The idea for Lumiweave was born while Green was working on another project for the city of Bat Yam, just south of Tel Aviv. “A friend of mine, who is a landscaper, and I, were hired by the city of Bat Yam to create shade maps and shade walls, for an event called ‘32N Urban Shade’ in 2010,” says Green.
“We installed a very basic vertical structure covered in plants that can be adjusted to provide maximum shade on each side throughout the day. That was the first time I dealt with the issue of shading in the urban area,” she says.
For Anai Green, it was a defining period. She kept mulling over different approaches to shading and lighting, but also light pollution and the issue of excessive heat production in the city, known as the urban heat island effect. The right technology for her idea did not yet exist, and when it became available, it was too expensive.
“I wanted something that combines shading and lighting, while at the same time reduces light pollution – but what I had in mind wasn’t practicable at the time, so I waited. As soon as the materials and technology I needed for my idea became available at an affordable price, I created Lumiweave.”
Green describes Lumiweave as an “advanced multilayer fabric” composed of four layers, each with an individual function. And although the concept itself sounds tangible, the intricate technology that goes into the development of the fabric is everything but simple. “The main components of Lumiweave are a flexible OPV (organic photovoltaic) sheet that is adhered to a UV resistant fabric. This fabric is imprinted with conductive copper-based ink that is acting as a circuit board. Intertwined with this fabric are polymer strips with LEDs.”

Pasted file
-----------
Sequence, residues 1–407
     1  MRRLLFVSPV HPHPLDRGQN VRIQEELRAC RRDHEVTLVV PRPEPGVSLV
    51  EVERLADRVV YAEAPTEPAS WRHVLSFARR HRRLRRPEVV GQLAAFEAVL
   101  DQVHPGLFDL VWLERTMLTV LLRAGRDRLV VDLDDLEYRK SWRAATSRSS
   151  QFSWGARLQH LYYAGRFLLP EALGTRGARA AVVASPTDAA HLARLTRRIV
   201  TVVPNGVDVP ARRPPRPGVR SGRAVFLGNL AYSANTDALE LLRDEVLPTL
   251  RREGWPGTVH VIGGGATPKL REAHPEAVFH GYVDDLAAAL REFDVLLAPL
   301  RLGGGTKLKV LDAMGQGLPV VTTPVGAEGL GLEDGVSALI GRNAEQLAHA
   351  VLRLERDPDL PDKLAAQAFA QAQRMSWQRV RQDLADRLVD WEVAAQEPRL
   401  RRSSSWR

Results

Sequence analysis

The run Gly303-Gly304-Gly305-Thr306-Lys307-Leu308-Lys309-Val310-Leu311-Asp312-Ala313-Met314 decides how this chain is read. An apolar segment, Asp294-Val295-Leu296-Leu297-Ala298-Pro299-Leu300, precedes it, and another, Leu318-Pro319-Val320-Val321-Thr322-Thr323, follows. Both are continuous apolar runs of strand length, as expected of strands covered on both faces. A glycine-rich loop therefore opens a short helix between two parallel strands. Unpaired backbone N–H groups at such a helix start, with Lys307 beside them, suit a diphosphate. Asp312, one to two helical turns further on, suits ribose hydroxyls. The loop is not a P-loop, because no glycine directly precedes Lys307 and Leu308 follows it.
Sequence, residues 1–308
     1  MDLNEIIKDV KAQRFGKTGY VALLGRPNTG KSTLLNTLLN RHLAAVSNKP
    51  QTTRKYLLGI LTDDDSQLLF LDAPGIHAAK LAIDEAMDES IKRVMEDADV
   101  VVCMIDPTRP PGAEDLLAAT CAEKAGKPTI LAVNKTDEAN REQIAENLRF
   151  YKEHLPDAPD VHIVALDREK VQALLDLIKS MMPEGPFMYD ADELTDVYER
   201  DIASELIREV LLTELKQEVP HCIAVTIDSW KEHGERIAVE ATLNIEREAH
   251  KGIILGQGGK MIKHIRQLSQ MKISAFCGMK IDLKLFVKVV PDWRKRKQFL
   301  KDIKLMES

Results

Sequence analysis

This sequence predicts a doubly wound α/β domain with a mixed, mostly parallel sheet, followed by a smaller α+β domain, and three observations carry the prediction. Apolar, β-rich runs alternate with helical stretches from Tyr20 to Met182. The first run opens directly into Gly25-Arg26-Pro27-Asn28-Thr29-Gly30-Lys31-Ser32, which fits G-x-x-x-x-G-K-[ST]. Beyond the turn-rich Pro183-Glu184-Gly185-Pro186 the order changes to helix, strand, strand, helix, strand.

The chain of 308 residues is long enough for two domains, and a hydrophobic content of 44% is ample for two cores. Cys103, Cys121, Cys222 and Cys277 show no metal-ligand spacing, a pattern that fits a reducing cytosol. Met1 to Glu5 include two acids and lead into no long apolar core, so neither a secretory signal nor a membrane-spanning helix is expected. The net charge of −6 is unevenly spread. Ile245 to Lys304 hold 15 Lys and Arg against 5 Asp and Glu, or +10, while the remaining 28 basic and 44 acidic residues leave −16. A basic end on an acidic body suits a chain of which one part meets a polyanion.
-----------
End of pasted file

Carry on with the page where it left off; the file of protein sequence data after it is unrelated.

Implementation of Lumiweave in Tel Aviv
A pilot of Lumiweave is planned to be implemented in Anai Green’s hometown of Tel Aviv, as soon as a prototype is ready to be deployed. Eitan Ben Ami, the director of the Environment and Sustainability Authority of Tel Aviv, sees a wide range of possible applications for Lumiweave. “The fabric can be used in many public places – any street, park, or parking lot. One of the first locations we thought about implementing Lumiweave is between the train station at Tel Aviv University and the university campus. It’s a long steep walk without any shade. Also, the beach area would be a great place to try Lumiweave. That’s why we like the idea so much, it is widely applicable, and Tel Aviv has an abundance of space that doesn’t have any shade.”
“Also, it does not have to be a permanent installation,” adds Green. “For instance, we usually have many festivals in Israel, and those events consume a lot of electricity. Lumiweave could really be an advantage in such a setting. It’s very flexible and mobile.”
After experts have deemed the concept worth supporting, the municipality has decided to provide the necessary resources to further develop and refine Lumiweave. According to Ben Ami, the city of Tel Aviv is always on the lookout for new innovative ideas that can contribute to the city’s sustainability and livability. “We look anywhere possible for great new innovative ideas, and we very much believe in the potential of Lumiwave,” says Ben Ami.